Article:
25 thoughts on “Google Invests in Satellite Broadband Startup”

  1. There are a number of “content distribution to the edge” scenarios where multicast satellite downlinks are more efficient than fibre (assuming that fibre is where it needs to be, without additional last-mile connectivity to fibre PoPs).

    If Android phones are going to dual-mode (GPRS/3G and WiFi), a much more viable content distribution strategy to mobile handsets would be via SMS together with WiFi hotspots/hotzones (with mesh WiFi to satellite backhaul), with some kind of local content servers/caches at the satellite points. SMS could be used to alert users (via cell-ID tracking or even GPS) as to the content available at the hotspots/hotzones.

    Remember that the vast majority of mobiles in Africa are on pre-paid usage, and pre-paid GPRS/3G data-usage is still a very new thing. WiFi backhauled by satellite solves a lot of problems for Google, especially having to deal with the local mobile operators. A lot of these mobile users in Africa are already big on Opera Mini.

    Since the longer-term potential for Android is for (lots of) low-cost handsets from China (which will find their way to Africa), I can only see good from this Google investment. Google might also do well to sponsor development of Android applications in Africa.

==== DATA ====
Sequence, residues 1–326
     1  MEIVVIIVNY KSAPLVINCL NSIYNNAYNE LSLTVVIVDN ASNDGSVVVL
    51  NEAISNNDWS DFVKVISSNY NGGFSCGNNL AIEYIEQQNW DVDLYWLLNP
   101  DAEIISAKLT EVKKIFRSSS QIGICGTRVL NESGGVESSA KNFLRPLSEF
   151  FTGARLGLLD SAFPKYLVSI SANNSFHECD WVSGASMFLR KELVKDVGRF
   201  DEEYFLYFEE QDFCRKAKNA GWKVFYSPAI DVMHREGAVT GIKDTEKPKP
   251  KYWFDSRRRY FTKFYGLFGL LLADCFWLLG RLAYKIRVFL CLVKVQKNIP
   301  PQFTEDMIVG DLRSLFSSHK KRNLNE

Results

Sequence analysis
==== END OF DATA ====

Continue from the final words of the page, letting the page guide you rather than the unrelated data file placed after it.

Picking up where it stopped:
2. I don’t see how they would run into competition with fiber in “areas that are far away from the sub-sea networks and major backbones”. If the areas have fiber, wouldn’t it mean that they are close to a major backbone (or that a major backbone could be built using cable)?

  3. I am more hopeful about the venture as a whole.

    There is considerable evidence, at least in India, that the areas seen as remote by urban people are doing much more than ‘voice’ over the web. Mobility will enhance that experience.

    Operators not being keen to lay fibre is one of the reasons why these areas are still seen as ‘remote’. The African experience is that the absence of such fixed infrastructure catalysed the wide adoption of mobile. A mobile web offering therefore makes sense for Africa too.

    I do however think that Google’s strategic interests in this project need closer scrutiny, on which I wrote a post. I linked yours to provide a good perspective too.


  4. Interesting..we just saw another report about Google sending a satellite into space to collect user’s data as opposed to helping “emerging worlds” get their service. Funny at the crazy conflicting reports I read on a daily basis!